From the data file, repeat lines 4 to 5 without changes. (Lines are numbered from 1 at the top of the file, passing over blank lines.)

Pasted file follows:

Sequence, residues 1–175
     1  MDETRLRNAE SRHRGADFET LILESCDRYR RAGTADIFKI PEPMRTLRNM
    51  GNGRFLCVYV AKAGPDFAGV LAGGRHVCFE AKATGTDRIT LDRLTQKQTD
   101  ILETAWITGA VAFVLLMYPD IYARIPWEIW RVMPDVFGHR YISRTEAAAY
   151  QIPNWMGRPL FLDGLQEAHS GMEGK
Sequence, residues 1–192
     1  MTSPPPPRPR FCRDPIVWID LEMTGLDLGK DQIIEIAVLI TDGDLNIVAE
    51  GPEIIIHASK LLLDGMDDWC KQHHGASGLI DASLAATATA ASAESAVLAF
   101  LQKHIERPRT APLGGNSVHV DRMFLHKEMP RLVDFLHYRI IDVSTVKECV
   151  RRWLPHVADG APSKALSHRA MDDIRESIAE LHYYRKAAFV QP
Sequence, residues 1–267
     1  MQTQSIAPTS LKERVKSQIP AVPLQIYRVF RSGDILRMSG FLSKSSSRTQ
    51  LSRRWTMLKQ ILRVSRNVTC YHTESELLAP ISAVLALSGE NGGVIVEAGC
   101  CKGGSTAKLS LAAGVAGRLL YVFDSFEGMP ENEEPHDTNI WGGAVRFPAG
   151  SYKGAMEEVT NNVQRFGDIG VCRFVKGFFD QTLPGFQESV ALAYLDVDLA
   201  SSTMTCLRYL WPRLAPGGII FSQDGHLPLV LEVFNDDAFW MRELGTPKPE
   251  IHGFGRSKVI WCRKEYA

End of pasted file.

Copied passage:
   101  ILETAWITGA VAFVLLMYPD IYARIPWEIW RVMPDVFGHR YISRTEAAAY
   151  QIPNWMGRPL FLDGLQEAHS GMEGK